It’s been over a year since I successfully defended my dissertation and received my PhD in Ecology and Evolutionary Biology from the University of Tennessee. I want to share some of my thoughts about the process, the costs, and the rewards. One obvious conclusion is that it is exhausting — it has taken me a year to get back to working on this blog!
It feels like a lifetime has passed since I started the process of applying for PhD programs, and then finally finished my masters. In some ways my experience was fairly representative: I earned my stipend by teaching biology labs each quarter, finished in 5 years, published a couple of papers, and then managed to find a post-doc project in my field. In other ways, I am a very non-traditional student: I have lots of non-academic experience, and I had financial reserves from that experience that gave me a few more options than I might have had otherwise. That outside experience both helped and hindered me, but I’ll write about that another time.
The process of getting a PhD is intense and consuming. It’s a terrific escape from the real world. The ivory tower shielded me from many “adult” worries, such as limiting myself to what is practical or economically viable. I was free to simply focus on training my mind to do science. The best times were sitting around debating no-longer-arcane-to-me topics like the definition of species, the ethics of biodiversity, or the merits of Bayesian statistical methods. Learning how to critique the scientific work of others and how to receive critical feedback on my own work was arguably the most valuable result. In my experience, the best metaphor for the experience is tearing down who I was intellectually and emotionally, brick by brick, and then rebuilding it on a foundation made with my own hands. I now understand how academics are seen as arrogant: if you can survive this metamorphosis, it feels like you can do pretty much anything you set your mind to.
If you are considering this path, regardless of your background, here is my advice. First, put good effort from the start into building your support network, ideally consisting of other graduate students you trust in your cohort. Those relationships will reward you for the rest of your life, and they may well save your life during the metamorphosis. Second, take responsibility for your own success. Nobody will do this for you, especially not your advisor, and the sooner you accept this the less you will suffer. Finally, trust in the process and don’t give up. There are really bad times for everyone who goes through this, but if you are committed to the process, the bad parts will end. The self-confidence and other internal resources you leave with will be worth it.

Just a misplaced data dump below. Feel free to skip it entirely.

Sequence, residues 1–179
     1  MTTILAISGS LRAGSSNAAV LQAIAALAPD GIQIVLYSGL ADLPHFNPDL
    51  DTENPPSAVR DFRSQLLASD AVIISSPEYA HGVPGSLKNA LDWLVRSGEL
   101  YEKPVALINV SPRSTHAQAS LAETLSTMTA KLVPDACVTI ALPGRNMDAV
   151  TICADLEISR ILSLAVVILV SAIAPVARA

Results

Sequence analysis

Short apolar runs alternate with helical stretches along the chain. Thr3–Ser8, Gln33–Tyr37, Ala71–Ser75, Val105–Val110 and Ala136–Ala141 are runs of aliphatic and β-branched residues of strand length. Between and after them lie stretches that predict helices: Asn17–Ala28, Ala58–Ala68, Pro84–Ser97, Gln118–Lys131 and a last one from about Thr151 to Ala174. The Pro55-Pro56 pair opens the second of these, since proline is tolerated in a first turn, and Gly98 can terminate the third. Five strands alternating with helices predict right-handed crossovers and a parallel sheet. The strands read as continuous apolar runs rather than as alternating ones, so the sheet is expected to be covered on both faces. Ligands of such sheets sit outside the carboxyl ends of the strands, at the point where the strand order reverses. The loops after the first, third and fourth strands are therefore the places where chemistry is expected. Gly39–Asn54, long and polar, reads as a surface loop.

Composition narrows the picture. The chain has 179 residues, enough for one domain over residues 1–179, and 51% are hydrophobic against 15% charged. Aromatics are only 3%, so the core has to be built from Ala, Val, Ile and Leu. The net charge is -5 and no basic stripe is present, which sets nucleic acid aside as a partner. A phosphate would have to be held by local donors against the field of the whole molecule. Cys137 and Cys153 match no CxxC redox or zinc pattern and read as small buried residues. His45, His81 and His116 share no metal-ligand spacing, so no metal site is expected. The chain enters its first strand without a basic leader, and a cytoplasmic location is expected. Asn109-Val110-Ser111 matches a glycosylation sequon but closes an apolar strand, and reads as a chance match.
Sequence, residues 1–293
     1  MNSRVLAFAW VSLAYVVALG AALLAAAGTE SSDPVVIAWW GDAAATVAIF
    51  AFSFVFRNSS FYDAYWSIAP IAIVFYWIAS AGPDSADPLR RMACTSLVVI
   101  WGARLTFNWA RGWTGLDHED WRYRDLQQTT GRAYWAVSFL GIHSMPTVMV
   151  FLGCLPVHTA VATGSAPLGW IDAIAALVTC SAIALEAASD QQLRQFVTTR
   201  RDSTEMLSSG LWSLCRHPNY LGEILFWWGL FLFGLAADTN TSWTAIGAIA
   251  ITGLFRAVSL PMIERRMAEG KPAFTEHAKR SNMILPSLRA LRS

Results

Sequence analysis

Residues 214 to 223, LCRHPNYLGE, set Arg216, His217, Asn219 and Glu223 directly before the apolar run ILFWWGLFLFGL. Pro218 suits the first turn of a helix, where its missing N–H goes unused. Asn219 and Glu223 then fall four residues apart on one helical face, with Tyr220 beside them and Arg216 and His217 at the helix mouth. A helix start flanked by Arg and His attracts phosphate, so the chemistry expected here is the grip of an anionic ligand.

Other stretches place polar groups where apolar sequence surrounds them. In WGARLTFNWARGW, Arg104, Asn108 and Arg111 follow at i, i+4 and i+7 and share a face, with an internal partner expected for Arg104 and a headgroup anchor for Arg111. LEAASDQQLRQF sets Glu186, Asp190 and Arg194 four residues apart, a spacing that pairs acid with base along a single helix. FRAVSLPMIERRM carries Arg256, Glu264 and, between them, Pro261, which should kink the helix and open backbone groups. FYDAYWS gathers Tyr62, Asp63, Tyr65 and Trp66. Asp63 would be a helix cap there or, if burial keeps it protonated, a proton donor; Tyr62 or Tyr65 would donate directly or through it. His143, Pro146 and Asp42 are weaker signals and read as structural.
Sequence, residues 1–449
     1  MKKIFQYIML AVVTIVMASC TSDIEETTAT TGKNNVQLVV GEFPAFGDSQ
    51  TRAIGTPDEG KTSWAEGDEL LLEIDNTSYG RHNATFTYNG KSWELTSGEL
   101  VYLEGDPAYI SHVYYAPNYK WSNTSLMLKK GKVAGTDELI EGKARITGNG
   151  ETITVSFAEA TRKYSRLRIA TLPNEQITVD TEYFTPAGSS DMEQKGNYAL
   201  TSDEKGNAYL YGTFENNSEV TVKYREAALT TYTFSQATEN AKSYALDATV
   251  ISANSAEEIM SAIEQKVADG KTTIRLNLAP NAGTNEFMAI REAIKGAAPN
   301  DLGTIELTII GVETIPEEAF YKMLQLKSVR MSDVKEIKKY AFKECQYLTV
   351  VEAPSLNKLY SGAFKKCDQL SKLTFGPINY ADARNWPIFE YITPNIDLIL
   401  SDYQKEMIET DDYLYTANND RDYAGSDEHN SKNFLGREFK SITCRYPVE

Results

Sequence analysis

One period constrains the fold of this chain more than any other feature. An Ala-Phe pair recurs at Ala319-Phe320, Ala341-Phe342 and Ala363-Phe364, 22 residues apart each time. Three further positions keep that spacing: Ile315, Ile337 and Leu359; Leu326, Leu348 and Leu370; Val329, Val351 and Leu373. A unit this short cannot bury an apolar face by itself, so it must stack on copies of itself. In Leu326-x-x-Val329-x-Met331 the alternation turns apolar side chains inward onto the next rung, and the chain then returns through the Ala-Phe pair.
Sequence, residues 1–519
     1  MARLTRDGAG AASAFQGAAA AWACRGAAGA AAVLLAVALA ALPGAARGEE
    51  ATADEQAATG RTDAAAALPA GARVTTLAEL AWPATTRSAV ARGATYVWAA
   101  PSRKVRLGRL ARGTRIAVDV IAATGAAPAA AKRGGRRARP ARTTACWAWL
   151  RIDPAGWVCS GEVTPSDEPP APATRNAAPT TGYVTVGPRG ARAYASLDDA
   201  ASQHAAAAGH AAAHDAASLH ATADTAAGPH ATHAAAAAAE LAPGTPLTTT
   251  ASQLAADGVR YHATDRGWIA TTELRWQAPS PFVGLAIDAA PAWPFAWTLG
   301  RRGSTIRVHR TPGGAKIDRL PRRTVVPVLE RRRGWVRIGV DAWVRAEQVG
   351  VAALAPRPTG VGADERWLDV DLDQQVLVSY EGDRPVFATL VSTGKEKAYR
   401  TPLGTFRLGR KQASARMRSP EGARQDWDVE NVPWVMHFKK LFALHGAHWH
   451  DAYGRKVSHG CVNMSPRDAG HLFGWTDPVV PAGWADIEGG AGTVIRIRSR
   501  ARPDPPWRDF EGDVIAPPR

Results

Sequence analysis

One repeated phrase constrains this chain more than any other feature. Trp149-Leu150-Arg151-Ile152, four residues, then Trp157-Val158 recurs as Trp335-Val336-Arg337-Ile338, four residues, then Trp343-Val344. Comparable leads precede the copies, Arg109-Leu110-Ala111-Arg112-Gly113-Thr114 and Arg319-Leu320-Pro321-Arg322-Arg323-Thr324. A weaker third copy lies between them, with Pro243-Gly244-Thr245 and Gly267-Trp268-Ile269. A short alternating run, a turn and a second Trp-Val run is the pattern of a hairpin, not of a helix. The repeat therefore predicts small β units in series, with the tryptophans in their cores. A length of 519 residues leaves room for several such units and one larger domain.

I am very lucky. I had the resources to follow this path for reasons other than financial security or even for my future career. My motivation was two-fold: first, I wanted to be of service to the natural world in a way not possible in the business world. And second, I wanted to see if I could do it. Like many girls my age I was told that I was not good at math, and it took me 40 years to get over that. I will always get great satisfaction whenever I look at that diploma on my wall. I don’t know where this path will lead, but I’m pretty sure it will be an adventure and I’m always up for that.